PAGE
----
One thing I always find fascinating is to study the best films according to silent era critics and audiences and then compare their choices to what we like today. Are you ready to see which ten pictures from 1922 were voted best by the critics? The Film Daily Year Book has the list so let’s dive in!
And in alphabetical order the films are:
Blood and Sand
Rudolph Valentino had already been setting hearts aflutter in films set in Argentina and Algiers and he did the same with this drama of sunny Spain. And for those looking for a female equivalent, utterly Nita Naldi smoldered.
The lone comedy in the bunch, Harold Lloyd stars as a timid lad who nonetheless aspires to win the hand of Mildred Davis.
Nanook of the North
The iconic documentary with more than its share of controversy. We are still feeling its influence in non-fiction (non-fictionish?) filmmaking.
Jackie Coogan and Lon Chaney in a Dickens adaptation? Yes, please!
Released on DVD. (This one is region 2 but the set is highly recommended, it’s all silent Dickens and a bargain.)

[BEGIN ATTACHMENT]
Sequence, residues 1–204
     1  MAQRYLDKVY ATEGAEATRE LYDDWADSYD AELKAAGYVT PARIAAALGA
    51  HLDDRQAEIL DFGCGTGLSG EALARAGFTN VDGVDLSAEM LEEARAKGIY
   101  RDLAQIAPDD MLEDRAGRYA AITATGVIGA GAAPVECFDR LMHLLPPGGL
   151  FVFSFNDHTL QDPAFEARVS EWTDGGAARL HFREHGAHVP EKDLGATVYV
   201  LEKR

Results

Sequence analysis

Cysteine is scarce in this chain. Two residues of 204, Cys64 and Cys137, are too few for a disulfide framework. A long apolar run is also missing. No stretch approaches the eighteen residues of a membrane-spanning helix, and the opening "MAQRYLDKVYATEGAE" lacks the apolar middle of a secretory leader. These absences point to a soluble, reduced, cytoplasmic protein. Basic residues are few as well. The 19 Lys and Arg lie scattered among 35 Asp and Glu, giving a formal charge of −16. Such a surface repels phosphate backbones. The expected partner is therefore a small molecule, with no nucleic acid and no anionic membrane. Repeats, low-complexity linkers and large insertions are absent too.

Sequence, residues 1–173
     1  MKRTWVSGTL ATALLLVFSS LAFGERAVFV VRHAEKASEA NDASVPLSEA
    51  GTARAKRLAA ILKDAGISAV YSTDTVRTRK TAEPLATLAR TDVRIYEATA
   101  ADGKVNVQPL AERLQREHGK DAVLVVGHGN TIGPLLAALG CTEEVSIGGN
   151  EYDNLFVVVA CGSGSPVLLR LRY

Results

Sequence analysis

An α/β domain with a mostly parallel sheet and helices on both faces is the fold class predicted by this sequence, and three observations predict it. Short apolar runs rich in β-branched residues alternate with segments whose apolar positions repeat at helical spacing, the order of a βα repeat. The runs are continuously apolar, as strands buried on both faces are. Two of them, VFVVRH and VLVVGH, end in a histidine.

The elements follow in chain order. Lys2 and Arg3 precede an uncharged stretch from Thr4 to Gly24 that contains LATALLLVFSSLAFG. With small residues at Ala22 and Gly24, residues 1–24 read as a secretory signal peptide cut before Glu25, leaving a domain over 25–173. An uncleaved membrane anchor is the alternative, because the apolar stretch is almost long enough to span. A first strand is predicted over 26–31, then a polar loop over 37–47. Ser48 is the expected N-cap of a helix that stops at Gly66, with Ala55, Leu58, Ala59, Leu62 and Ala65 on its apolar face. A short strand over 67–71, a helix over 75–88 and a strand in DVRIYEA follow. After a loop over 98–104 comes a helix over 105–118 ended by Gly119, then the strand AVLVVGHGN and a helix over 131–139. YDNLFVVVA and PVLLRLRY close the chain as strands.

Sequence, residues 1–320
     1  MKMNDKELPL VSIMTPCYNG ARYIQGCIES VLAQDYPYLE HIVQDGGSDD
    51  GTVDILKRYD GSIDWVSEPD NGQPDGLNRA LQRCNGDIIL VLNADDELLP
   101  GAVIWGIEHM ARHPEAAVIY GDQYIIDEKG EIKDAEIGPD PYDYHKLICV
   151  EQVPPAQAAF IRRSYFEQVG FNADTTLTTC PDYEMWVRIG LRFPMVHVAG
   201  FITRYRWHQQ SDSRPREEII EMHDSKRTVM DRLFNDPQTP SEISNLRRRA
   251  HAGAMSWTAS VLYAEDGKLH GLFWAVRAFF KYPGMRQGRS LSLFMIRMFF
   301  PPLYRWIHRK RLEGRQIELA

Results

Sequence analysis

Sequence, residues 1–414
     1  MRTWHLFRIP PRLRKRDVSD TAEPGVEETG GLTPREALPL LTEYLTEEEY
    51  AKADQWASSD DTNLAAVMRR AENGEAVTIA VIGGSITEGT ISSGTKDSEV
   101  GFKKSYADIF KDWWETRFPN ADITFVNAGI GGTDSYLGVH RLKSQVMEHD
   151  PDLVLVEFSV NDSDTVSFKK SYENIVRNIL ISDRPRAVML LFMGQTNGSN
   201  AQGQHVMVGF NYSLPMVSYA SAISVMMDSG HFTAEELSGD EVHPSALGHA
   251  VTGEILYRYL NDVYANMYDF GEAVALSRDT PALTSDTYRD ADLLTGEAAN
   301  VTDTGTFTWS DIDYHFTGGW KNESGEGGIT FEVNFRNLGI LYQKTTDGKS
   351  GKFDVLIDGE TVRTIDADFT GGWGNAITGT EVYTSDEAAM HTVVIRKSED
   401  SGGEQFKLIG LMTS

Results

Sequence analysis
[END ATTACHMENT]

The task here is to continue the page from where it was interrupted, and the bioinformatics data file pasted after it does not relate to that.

Orphans of the Storm
The Gish sisters being battered by the cruel winds of fate… in France! Again. Well, this time the French Revolution is on and they need to evade Madame Guillotine.
The Prisoner of Zenda
The original Ruritanian romance and Ramon Novarro’s breakout role, a rare villain part but his charm was unmistakable.
Douglas Fairbanks took his athletic prowess to Sherwood Forest and swashbuckler epics were never the same.
Norma Talmadge’s tearjerker of a love that would not die. It was remade several times in the sound era.
My personal pick for the best of 1922, this is the story of a young man discovering himself, growing up and learning that Ernest Torrence throws a nasty punch. The climactic fight is famous for a reason.
When Knighthood Was in Flower
The Marion Davies super-epic tells the story of King Henry VIII’s feisty little sister and her fight to marry her love.
So, those are the films. Which pictures would you add? Which 1922 film is your favorite? Be sure to share!
P.S. Release dates in the silent era were a bit wonky so some of these titles may be generally considered 1921 or 1923 pictures.